The world’s largest retailer will end free shipping for online orders under $50 Canadian starting April 2.
EBay Inc.’s PayPal has been experiencing major problems since Friday when a code upgrade proved unable to stand up to traffic. PayPal and eBay technicians have been working on the problem, but are unable to say when it will be fixed.
EBay Inc.’s PayPal has been experiencing major problems since Friday when a code upgrade proved unable to stand up to traffic. “EBay and PayPal technicians have been working around the clock to fix it,” says a PayPal spokeswoman. The company is unable to say when the problem will be solved.
The system hasn’t been completely down, PayPal says, but rather has provided intermittent service since Friday morning. “The problem has been at peak usage periods,” the spokeswoman says. She says the code upgrade was to back-end systems and not to the consumer interface.
Scot Wingo, president of ChannelAdvisor Corp. which helps sellers sell on eBay, says the disruption has caused major problems and will continue to do so as buyers think they have paid for their purchases but the merchants can’t tell if they’ve received payments. “Sellers can’t see that they’ve been paid and so they’re not shopping products,” Wingo says. “That could result in negative feedback on eBay, which could be devastating to a business.”
The disruption comes as PayPal is making a play to expand its services beyond the eBay marketplace to general online retailers.
Lonny Paul, e-commerce director for electronics retailer Tiger Direct, which accepts PayPal, says Tiger Direct has not experienced disruptions in payments. Rather, the problems have come from customers who pay by PayPal then follow up to make sure Tiger Direct received their payment. Tiger Direct reps are not able to get online to check accounts at PayPal to determine if the money has been received, he says. “Our customer service department is going crazy because they can’t see into the account,” Paul says. He adds that PayPal called Tiger Direct as soon as it knew it had a problem.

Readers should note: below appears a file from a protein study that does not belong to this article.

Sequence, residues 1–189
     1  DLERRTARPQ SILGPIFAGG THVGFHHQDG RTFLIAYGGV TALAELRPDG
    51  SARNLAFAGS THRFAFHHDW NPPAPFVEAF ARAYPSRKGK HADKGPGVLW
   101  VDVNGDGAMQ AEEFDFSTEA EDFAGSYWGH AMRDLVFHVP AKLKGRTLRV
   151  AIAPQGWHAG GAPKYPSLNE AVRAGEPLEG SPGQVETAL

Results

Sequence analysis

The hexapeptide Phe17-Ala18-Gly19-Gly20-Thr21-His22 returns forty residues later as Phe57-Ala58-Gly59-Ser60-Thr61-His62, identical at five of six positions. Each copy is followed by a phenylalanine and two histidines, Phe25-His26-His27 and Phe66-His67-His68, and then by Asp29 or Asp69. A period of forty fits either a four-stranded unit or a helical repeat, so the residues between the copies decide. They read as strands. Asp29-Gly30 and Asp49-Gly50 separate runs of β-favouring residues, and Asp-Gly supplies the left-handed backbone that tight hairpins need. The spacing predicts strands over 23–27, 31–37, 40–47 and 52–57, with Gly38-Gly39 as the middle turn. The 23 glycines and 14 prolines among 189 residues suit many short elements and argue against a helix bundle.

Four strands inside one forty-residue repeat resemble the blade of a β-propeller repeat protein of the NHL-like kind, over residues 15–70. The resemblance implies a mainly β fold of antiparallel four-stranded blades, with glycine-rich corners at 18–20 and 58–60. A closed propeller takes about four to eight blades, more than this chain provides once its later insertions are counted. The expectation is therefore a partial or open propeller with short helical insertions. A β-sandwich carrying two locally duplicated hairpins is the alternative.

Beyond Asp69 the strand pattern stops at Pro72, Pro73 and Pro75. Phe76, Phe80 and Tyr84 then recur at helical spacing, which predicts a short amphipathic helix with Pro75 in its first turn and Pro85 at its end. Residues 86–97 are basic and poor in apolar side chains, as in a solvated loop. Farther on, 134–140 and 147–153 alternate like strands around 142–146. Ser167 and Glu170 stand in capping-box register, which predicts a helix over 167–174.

While Paul says Tiger Direct has seen no problems with its Instant Payment Notification service from PayPal, the company spokeswoman says PayPal has not given priority to the merchant portion of payments over the consumer portion. “We’re not happy any time any of our customers have a problem,” she says.
Wingo says PayPal’s debit accounts have also been affected, which means that customers who use the PayPal debit card in offline locations are unable to access their money. “With a stored value service, PayPal is a bank in a way,” Wingo says. “But they’re not regulated like banks are. I wouldn’t be surprised to see some regulation proposed as a result of this. People are pretty upset.”
Wingo says ChannelAdvisor is encouraging its customers to post prominent notices at their checkout pages informing customers that if they want to pay by PayPal, they may not be able to get into the system and they should try again later. As for those who think they are paying, but aren’t, Wingo says sellers will have to e-mail all those customers and ask them to pay again. “It’s a pretty big logjam,” he says.